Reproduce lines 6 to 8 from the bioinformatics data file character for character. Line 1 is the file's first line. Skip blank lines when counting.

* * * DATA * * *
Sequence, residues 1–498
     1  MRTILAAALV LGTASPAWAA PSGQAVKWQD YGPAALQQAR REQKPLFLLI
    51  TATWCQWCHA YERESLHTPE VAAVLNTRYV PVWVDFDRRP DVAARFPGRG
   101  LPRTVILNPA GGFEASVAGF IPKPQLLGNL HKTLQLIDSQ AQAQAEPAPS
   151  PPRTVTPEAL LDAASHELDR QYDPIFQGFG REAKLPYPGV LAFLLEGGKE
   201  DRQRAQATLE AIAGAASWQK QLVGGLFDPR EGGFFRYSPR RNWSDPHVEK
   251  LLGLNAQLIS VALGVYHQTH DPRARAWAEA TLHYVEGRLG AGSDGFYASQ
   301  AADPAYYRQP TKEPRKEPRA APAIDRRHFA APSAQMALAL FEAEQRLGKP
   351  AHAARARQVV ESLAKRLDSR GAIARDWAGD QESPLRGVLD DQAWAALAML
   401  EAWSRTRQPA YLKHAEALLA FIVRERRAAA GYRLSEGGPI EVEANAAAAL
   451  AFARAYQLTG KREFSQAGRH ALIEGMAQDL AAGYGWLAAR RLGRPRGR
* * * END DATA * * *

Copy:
   201  DRQRAQATLE AIAGAASWQK QLVGGLFDPR EGGFFRYSPR RNWSDPHVEK
   251  LLGLNAQLIS VALGVYHQTH DPRARAWAEA TLHYVEGRLG AGSDGFYASQ
   301  AADPAYYRQP TKEPRKEPRA APAIDRRHFA APSAQMALAL FEAEQRLGKP